Is nightclub in neighborhood legal?

Published On: Jan 02 2012 03:54:17 PM EST
Updated On: Jan 05 2012 04:40:08 PM EST
JACKSONVILLE, Fla. -

The killing of a nightclub co-owner in Grand Park in Northwest Jacksonville is raising questions about the nightclub in the middle of a neighborhood.

Four people were shot Sunday outside Chicago Club. James Darren Graham, 45, who co-owned the club, died at a hospital.

Channel 4's Elizabeth Cate has since looked into whether the club should even be there and if it's legally operating.

Within rows of houses in Grand Park, there's an out-of-place cinder block building with iron rod bars, shattered glass and a bad paint job. The members-only club looks closed. There's no sign, address or business.

But neighbors in the area know some nights it's open. It was in the early morning hours of New Year's, when the quadruple shooting happened.

"They always just rowdy, just rowdy, just rowdy," resident Winfred Noisette said.

Concerned about her family's safety, Noisette wants the place shut down. She said she's not surprised to hear about a shooting because she's had to dodge bullets before, as can be seen by the hole in her car.

"It's going to get worse. It's not going to get better as long as it's a club, and I don't want nobody else to get hurt or hear about nobody else getting hurt," Noisette said.

Since Cate notified the city earlier this week about possible violations at the property, just two days later, the city slapped a citation on the wall citing improper display of address, nuisance vegetation and too much garbage, trash and rubbish.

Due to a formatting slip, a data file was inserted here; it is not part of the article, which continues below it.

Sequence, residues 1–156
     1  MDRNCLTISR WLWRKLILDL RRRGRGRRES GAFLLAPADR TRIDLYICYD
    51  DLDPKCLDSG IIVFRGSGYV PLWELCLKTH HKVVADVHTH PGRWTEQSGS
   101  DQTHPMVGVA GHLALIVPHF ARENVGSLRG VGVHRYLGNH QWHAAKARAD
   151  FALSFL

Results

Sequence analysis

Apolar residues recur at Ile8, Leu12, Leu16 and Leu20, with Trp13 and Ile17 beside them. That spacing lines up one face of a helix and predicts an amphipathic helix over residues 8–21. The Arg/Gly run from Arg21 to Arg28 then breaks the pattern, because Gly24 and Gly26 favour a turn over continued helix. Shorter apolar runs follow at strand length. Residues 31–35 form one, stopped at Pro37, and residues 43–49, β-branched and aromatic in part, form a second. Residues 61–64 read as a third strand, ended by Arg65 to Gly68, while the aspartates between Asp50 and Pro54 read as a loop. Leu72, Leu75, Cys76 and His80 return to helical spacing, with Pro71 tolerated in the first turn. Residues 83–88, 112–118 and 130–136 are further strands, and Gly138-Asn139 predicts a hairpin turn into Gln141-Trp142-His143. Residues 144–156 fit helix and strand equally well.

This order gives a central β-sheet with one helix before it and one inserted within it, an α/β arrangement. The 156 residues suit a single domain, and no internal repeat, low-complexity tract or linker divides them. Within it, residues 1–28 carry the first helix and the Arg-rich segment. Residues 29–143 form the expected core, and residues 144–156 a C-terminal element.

"I think the questions remain whether or not they were legally operating, and one, if they were legally operating, did the city make a mistake in issuing a permit?" City Councilman Warren Jones said. "And I think those are the questions in my mind."

Jones, who represents that area, said he's surprised to hear a nightclub is operating in the middle of the neighborhood that's plastered with "no parking" signs.

According to the city's zoning map, it's marked RLD-60, which means it's supposed to be a single-family home.

Built back in the '60s as a neighborhood market, it's possible that with the proper permitting it's grandfathered in.

The city has yet to confirm if it's legal or not. But Jones said it's up to citizens to make a complaint to help clean up the city.

"When you suspect something that's improper in your neighborhood, we always encourage people to call (904)-630-CITY to lodge a complaint, and they can remain anonymous, so you don't have to live in fear that somebody's going to find out who made the call," Jones said.

All too often, Jones said, neighbors never speak up, and because of city cutbacks, it's nearly impossible for code enforcement to drive around searching for violations, which is likely what happened at Chicago Club. But with a complaint call to the city, it should get the process started.

If there's a building in your neighborhood that used to be a market or barbershop but is now operating as something else, it's possible it's in violation, too.

In the early '90s, the City Council developed a 2010 plan, designed to convert properties that are out of place to something that's zoned more appropriately, making it compatible with the neighborhood. But that's possible only if electricity has been turned off for six months or longer.

Still, residents will never know if they don't make a call.

Anyone with information about the shootings is asked to call police at 904-630-0500 or Crime Stoppers at 866-845-TIPS.

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